(SPOT.ph) Basketball, volleyball, and football; unsurprisingly, in sports-loving Philippines, these games were sold out before the 30th Southeast Asian Games even began—which meant that free tickets were a no-no to these events, but that’s another story. This has been the largest edition of the regional meet so far, and with 56 sports included in the mix, some made a bigger splash than others.
There were probably a few games that maybe made you quirk an eyebrow, or at the very least, made you go, “What is that, anyhoo?” So to answer questions you might have, we round up some of the most interesting competitions that made the rounds for the 30th Southeast Asian (SEA) Games.
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Here are 10 niche sports that made a splash in the 30th SEA Games:
Here’s something you can point out the next time anyone scolds you for spending too much time looking at a screen: Mobile Legends is an official sport at the SEA Games—and we won gold, too. Sibol, our national E-Sports team, took home the gold medal for Mobile Legends on December 8, beating the Indonesian team for the honor. This is the first time E-Sports was included in the roster for the biennial tournament. Teams battled it out on six titles: Mobile Legends: Bang Bang, Arena of Valor, Dota 2, Starcraft II, Tekken 7, and Hearthstone.
At first glance, kurash could look a lot like judo; fighters try to throw or trip their opponents onto their backs from a standing position using their own strength and stamina. This form of wrestling originated from the Turkic people of Central Asia, and has been in use for thousands of years—it’s practically a national sport in Uzbekistan. Estie Gay Liwanen gave us a gold medal in the women’s 63-kilogram category on December 1, followed by two silvers and five more bronze medals won by her teammates.
Think hockey, but instead of ice and aggressive Canadians, you have two teams battling it out on the floor of a pool. There’s still the puck being pushed towards goals on either end of the "field," but this time players with fins dive and jet through the water at top speed—and maybe even push back up to the surface for a bit of air every once in a while. Underwater hockey was invented by the British in the 1950s, who gave it the moniker “Octopush,” to keep divers in shape during the winter. For the 2019 SEA Games, our women’s team and men’s team pocketed silver and bronze respectively in the 6x6 competition, while both 4x4 underwater hockey teams won silver medals.
Also known as "boules," petanque could be compared to an oversized game of holen. The name is pronounced "peh-tonk" and derives from the French version of the game, which has been played since 1907. It is played with hollow metal balls that are thrown close to a wooden ball, called the cochonnet; the closer your ball is to the target, the more points you win.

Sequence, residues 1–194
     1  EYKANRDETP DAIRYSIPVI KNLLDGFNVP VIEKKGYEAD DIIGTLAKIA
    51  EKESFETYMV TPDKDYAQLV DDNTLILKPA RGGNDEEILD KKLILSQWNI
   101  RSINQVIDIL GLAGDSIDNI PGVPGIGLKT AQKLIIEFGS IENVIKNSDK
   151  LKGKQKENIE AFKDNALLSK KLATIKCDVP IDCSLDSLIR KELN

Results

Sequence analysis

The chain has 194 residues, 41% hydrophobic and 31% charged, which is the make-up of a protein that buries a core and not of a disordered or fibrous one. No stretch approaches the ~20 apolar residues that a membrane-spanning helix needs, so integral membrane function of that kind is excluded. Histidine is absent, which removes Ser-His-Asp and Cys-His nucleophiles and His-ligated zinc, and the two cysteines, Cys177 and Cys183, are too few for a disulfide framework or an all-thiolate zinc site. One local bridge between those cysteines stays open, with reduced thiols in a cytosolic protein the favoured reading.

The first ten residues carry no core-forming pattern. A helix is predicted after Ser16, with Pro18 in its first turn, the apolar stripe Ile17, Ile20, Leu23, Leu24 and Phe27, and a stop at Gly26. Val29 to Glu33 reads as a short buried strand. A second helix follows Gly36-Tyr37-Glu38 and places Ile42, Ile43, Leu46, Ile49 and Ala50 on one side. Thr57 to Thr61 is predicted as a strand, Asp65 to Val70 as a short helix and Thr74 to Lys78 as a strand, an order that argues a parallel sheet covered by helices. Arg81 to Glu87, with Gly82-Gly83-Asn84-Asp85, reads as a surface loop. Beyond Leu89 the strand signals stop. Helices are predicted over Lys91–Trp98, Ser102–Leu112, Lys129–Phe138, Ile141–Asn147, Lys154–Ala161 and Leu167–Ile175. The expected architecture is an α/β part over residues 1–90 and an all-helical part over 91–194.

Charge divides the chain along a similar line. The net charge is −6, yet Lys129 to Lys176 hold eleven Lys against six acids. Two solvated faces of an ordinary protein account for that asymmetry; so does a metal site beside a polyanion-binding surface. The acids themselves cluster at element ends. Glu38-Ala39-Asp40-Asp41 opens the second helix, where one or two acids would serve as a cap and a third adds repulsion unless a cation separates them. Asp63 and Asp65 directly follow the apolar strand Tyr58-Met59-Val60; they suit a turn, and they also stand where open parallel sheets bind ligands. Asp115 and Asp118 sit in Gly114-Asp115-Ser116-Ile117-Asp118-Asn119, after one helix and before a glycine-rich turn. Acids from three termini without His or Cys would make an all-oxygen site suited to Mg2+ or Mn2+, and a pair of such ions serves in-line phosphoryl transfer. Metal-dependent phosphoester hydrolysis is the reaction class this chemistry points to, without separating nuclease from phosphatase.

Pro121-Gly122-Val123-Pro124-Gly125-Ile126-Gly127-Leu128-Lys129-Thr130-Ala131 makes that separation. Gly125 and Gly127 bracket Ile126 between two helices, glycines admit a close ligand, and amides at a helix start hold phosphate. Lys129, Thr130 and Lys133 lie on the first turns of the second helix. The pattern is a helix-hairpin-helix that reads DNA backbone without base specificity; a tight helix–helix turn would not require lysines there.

This game is quite like basketball, except that dribbling or running while holding the ball is not allowed. Two teams of seven, with each player having a specific role, are confined to an area of the court, with the goal of having to shoot the ball into 10-foot tall goal posts at either end of the playing area. The Malaysian team kept their throne from the 2017 run, winning 48-42 against Singapore in the finals game on December 2.
A martial art originating in Indonesia, pencak silat covers a wide variety of forms and styles spread across the archipelago. As with many other martial arts, many silat movements are attributed to animals, though it also takes influence from other cultures. Edmar Tacuel delivered our only gold for the sport for the seni (artistic) division of the games on December 3. Meanwhile, controversy followed the 2019 bronze win of our 2017 gold-medalist Dines Dumaan in the men’s tanding (hand-to-hand combat) after it was alleged that he kicked Malaysian opponent Faizul Nazir in the face, knocking him unconscious.
Non-traditional sports are getting more and more time in the spotlight, and the obstacle course wasn’t about to fade into the background. It was the first time the sport was ever included in the roster of games for the regional meet and the Philippines shone with a golden total of 10 first-place finishes in the team relays and the individual races.
This fighting style was developed in Soviet-era Russia as a way for soldiers to end fights quickly and efficiently—enough info to make anyone step back a bit. Sambo is short for “samozashchita bez oruzhiya,” which translates to “self-defense without weapons.” The Philippines walked away from the Sambo competition with two gold medals, courtesy of fighters Mark Striegl and Chino Sy, plus one silver and three bronze medals.
Sipa, but on steroids. Also known as kick volleyball, sepak takraw involves players tossing a ball, traditionally woven from rattan, over a net using only their feet, knees, chest, shoulders, or head, but never their hands. The origins are highly contested, but the sport enjoys a lot of popularity in Southeast Asia, with each country having their own variations. The Philippines walked away with two gold medals from the men’s and women’s hoop events.
Arguably the niche sport to grab the most attention during the SEA Games, Wushu brought in a well-deserved goldmine for the Philippines. Wushu, which translates to “martial arts” is a contemporary style that includes a huge variety of Chinese martial arts. Agatha Wong brought the sport to the fore with a back-to-back win in the Taijiquan event, a title she also won in the 2017 run. The national team swept up a total of seven gold, two silver and two bronze medals for the run.
Main image from Marlo Cueto/SPIN.ph and the Philippine Underwater Hockey Confederation Facebook page.